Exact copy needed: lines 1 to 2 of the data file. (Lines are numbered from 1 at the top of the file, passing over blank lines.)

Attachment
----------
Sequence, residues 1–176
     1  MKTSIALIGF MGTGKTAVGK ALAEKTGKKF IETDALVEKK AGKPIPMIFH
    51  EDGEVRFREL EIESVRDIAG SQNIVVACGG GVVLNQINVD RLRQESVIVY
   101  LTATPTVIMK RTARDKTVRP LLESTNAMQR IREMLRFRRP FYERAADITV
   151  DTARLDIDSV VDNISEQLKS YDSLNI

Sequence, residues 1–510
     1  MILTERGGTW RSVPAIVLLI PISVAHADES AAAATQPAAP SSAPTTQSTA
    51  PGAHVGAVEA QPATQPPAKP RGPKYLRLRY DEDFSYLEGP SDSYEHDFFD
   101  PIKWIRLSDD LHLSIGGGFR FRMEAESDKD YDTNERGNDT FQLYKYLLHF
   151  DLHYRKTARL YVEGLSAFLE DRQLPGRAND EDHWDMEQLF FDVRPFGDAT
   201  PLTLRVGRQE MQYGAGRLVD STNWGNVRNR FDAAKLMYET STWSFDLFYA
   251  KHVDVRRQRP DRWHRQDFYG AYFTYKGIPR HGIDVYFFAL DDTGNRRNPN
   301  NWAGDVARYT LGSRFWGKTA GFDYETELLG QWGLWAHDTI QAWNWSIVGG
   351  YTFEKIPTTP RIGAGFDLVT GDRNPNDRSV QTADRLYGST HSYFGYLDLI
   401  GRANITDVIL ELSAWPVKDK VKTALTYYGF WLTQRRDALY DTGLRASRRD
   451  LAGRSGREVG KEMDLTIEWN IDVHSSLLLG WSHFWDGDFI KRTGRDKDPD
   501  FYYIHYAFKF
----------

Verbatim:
Sequence, residues 1–176
     1  MKTSIALIGF MGTGKTAVGK ALAEKTGKKF IETDALVEKK AGKPIPMIFH